4 common questions about security culture
For a long time many employees, including senior executives, thought of cybersecurity as a merely technical issue, one of those things that IT will handle for the company while all non-technical personnel can just carry on with their jobs. Thankfully, this mentality is changing (albeit slowly) and more and more companies are realising that it takes a village to keep threats away. One click in the wrong email could expose a company to threats such as ransomware.
In the past few months, we kept an open forum with Cisco customers, listening to their concerns about how to build a stronger security culture in their organisations and get everyone on board. Here are the four most asked questions and our suggestions to handle these challenges:
Gone are the days when we could keep a closed corporate network. Now we have laptops, mobiles and personal devices connected at the office and from remote locations. How can we control everything?
Start by focusing on a couple of things: visibility and enforcement. First, consider tools that will help you see who and what is connected to your network and make sure each person has the level of access that is pertinent to their role.
It’s important to not only see what is connected, but also how it is behaving. It’s by spotting anomalies that you can quickly detect threats and trigger remediation measures. There is where the enforcement part comes in. You can embrace remote working and BYOD but you also need to lay your ground rules. For example, you can allow the use of personal iPads for work, but only if the user accepts certain policies and installs certain things to protect their devices. They can use their laptops at the airport, but only if connected through VPN. You should not forbid people from doing the things that help them be productive; instead, think about enabling them to do it more securely.
Are employees the weakest link in the security of an organisation?
We often hear this question, but an organisation doesn’t exist without its employees. A company needs to be secure in part to allow employees to do a better job. Companies should not look at their employees as “the enemy” that you need to stop from doing something that will damage the organisation. There needs to be a relationship of trust, or you may end up with IT and security on one side trying to limit access as much as possible to minimise risk, and employees on the other side, getting crafty and finding ways to bypass the rules to perform their job (shadow IT).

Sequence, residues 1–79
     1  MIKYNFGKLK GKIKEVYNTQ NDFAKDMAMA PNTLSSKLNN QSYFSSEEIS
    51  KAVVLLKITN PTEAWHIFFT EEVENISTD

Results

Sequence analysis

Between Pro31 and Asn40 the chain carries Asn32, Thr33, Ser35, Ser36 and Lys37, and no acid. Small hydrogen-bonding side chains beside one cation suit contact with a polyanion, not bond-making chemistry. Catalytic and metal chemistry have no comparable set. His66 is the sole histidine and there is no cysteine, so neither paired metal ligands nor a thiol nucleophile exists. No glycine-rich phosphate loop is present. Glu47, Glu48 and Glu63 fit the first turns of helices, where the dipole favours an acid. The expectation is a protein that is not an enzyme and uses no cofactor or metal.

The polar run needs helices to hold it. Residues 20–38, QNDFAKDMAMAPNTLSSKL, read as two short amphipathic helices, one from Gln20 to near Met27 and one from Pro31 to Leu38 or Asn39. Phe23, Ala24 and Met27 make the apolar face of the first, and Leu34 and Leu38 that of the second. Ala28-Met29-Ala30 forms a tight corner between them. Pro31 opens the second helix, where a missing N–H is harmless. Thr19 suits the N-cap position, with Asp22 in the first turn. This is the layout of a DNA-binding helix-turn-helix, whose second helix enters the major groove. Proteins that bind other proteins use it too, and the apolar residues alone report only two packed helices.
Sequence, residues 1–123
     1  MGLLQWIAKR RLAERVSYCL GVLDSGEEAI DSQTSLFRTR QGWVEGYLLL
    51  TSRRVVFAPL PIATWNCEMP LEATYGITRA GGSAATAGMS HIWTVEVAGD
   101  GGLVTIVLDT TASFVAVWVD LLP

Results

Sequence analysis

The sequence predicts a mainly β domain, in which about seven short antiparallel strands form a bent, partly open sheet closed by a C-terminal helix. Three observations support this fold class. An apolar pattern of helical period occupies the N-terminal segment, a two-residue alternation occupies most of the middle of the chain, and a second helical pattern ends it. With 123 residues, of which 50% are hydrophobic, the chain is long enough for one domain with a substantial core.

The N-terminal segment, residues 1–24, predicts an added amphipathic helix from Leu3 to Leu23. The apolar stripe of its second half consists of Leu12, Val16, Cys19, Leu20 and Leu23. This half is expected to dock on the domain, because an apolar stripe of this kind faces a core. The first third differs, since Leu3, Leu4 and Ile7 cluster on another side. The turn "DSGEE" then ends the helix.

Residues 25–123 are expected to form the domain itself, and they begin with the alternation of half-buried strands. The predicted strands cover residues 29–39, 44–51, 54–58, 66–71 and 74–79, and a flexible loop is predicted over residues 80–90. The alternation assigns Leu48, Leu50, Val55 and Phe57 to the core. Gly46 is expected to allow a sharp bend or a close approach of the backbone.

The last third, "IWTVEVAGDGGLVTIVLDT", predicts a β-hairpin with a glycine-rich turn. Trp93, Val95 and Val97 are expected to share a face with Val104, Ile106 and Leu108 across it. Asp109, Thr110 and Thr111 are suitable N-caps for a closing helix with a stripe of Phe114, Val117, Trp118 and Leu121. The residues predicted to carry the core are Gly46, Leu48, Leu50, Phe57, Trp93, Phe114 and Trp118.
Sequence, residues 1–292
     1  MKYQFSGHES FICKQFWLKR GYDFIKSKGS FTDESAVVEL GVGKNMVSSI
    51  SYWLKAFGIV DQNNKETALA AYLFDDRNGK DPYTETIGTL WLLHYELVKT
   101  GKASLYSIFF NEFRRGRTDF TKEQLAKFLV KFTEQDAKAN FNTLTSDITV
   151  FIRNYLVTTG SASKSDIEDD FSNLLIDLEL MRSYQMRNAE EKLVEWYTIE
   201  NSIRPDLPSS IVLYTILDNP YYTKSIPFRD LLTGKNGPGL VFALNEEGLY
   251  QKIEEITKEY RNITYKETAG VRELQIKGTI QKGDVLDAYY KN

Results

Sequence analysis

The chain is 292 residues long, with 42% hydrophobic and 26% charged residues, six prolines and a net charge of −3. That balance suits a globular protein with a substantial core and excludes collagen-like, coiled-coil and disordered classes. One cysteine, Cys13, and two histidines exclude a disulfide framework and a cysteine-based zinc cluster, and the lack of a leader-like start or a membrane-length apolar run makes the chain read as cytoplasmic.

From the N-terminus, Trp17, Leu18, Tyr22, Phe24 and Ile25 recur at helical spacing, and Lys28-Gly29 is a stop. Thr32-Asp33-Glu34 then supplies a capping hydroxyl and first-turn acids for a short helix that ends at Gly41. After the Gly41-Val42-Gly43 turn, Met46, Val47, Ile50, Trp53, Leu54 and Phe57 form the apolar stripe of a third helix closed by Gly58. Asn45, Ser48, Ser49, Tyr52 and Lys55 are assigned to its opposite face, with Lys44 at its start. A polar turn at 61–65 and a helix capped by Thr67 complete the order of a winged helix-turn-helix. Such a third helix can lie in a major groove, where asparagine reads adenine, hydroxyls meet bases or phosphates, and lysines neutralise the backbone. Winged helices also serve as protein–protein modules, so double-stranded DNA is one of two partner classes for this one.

Companies should look at how to educate employees so they don’t accidentally expose the company to risk; they should also enable employees to do their jobs more securely. It’s a partnership.
How do you tackle the mindset “I have nothing to hide, so I have nothing to protect”?
Many people justify not having strong passwords with a “Who’s going to want to read my emails?” but ask them if they would give you their bank card and PIN and I doubt any of them would. It is not obvious to everyone that all data, and not only financial data, has value. It can be used for profit, but it can also be used to damage your business. Everything is connected.
It may help to offer your employees some examples that they can relate to at a personal level. For example, someone could collect personal information about them on social media and have enough to pass all security checks and make a big transfer out of their bank account. Or a troll could guess their Facebook password and take over their account, just to message obscenities to all their friends.
In the same way, in a corporate environment, hackers could use employees’ personal information to plot a spear phishing attack or a business email compromise; or a disgruntled employee or competitor could expose corporate emails just to embarrass a company in front of their customers.
People sometimes don’t care about security because they don’t see the bigger picture. You gain access to that one system that “doesn’t matter” and all the sudden you found a way into the most valuable information a company holds. Once you manage to explain this logic, you will get more people interested.
What organisational changes need to happen to help build a safer IT environment?
Every organisation is different, but to change your security culture, think less about making organisational changes (ie. who reports to whom) and more about opening the lines of communication and aligning priorities on a regular basis. People need to talk to each other, simple as that. Some companies may try to set up these lines of communication by making org changes, whereas other companies may have a more horizontal org structure and still manage to have these regular discussions.
A couple of organisational decisions do help, though. For example, having someone accountable for security at a business level will help ensure changes happen from top down, as well as bottom up. For example, if your CEO truly gets the value of security, he or she will help drive these conversations internally at all levels.
It also helps to have someone who can bring the “technical” and “business” sides together. For example, executives care about business performance, so having someone who can explain to them why security issues can affect your business’s revenue and growth may help gain their support.
Do you have any other questions about security culture? Leave us a comment.